Posted 24 May 2006 - 12:48 AM
What I want to know, is that by being gluten free has this made a difference going through menopause, and if so, in what way?
I did hear a while back, that white flour and white sugar were both bad for menopausal symptoms, so does this mean we will have only half as bad problems?
I am probably in the wrong forum for this, as looking at the photos posted a lot of you are quite young, and wouldn't even be thinking about this.
As another thought, I think being gluten free has made me more tolerable around the time of my period, and I don't have the cravings for chocolate like I used to.
Thanks for reading this.
Posted 24 May 2006 - 05:17 AM
I have noticed hormonal changes since going gluten-free. I take my temperature every morning for natural family planning, my temperatures are more consistent and easier to interpret than they used to be. The other symptoms we check are also more normal. Also, I think I'm going through a second puberty! I had gotten almost completely flat chested ... I'm not how I used to be, but certainly better than I was!
diagnosed with Lyme Disease 12/06
Posted 24 May 2006 - 11:37 AM
I actually got my period this morning, and didn't realise it was around the corner, even though they are getting later and later.
I feel so much more balanced, emotionally. well mostly, unless I get glutened, then it is quite emotional.
I remember a few years back, I used to what I thought get hot flashes after eating my sandwiches, or what ever for lunch. I just put that down to getting old and approaching menopause. But the minute I went on a diet and controlled what I was eating, which inadvertanly meant a lot less gluten, I didn't seem to get the hot flashes, so that idea went out the door. This was all before I was diagnosed. Needless to say, by dieting my problems with gluten had abated quite a bit, but whenever I overate, as in chocolate or something very decadent I would be regretting it on the loo.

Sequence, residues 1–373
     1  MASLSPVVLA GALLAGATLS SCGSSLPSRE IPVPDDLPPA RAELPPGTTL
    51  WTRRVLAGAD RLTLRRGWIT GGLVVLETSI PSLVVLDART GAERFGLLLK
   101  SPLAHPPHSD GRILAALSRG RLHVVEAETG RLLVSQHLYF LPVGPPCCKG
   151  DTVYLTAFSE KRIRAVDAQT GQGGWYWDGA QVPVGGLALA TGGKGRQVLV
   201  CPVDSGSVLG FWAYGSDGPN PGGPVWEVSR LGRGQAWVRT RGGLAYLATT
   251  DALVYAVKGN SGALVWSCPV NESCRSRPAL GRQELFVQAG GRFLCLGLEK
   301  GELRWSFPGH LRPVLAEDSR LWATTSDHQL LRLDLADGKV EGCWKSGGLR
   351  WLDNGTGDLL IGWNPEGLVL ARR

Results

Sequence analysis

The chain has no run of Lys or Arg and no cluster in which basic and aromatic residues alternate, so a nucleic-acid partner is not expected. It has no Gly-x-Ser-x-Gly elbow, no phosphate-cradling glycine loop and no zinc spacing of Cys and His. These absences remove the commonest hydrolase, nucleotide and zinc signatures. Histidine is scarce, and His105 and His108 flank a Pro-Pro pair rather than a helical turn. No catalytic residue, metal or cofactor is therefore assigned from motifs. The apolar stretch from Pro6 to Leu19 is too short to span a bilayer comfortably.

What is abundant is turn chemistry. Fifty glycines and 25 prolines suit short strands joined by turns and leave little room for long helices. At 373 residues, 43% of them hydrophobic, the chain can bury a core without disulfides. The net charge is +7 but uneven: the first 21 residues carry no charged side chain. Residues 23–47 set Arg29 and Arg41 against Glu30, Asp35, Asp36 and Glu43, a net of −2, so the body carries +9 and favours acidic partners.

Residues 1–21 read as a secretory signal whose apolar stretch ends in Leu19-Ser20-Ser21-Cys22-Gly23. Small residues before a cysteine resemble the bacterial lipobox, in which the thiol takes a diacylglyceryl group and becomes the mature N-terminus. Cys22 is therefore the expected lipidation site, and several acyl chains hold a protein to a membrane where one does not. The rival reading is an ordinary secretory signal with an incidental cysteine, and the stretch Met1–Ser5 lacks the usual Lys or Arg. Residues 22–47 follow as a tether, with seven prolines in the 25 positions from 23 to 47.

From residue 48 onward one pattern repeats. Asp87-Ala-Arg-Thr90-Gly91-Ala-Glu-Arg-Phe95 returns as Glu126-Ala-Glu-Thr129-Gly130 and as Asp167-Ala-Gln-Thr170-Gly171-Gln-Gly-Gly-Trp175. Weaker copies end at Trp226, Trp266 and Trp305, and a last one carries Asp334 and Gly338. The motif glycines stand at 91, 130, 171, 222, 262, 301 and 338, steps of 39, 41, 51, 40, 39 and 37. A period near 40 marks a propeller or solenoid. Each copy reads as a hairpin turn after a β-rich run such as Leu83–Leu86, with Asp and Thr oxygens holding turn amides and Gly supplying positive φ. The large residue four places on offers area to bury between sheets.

Maybe gluten can make your cheeks get hot.
Posted 24 May 2006 - 03:20 PM
Long Island, NY
Double DQ1, subtype 6
We urge all doctors to take time to listen to your patients.. don't "isolate" symptoms but look at the whole spectrum. If a patient tells you s/he feels as if s/he's falling apart and "nothing seems to be working properly", chances are s/he's right!
"The calm river of your life approaches the rocky chute of the rapids - flow on through. You are the same water. The rocks cannot hurt you. Remember, now and then, that you are the water and not the boat. Flow on!
Posted 24 May 2006 - 03:22 PM
Enterolab positive results only June 06:
Me HLA-DQB1 Molecular analysis, Allele 1 0201; HLA-DQB1 Molecular analysis, Allele 2 0301; Serologic equivalent: HLA-DQ 2,3 (subtype 2, 7)
Husband HLA-DQB1 Molecular analysis, Allele 1 0201; HLA-DQB1 Molecular analysis, Allele 2 0302; Serologic equivalent: HLA-DQ 2,3 (subtype 2,8)
The whole family has been soy free since February, gluten free since June 2006.
The whole family went back to a gluten diet October 2011. We never had official testing done and I decided to give gluten a go again. At this point I've decided to work on making some gluten free things again, though healthwise everyone seems to be fine. The decision to add gluten back in was also made based on other things I'd read about the 2nd sequence of genes. It is my belief that we had a gluten intolerance, but thanks to things I've learned here, I know more what to keep an eye on. If you have a confirmed case of celiac, please don't go back to gluten, it's a lifelong lifestyle change.
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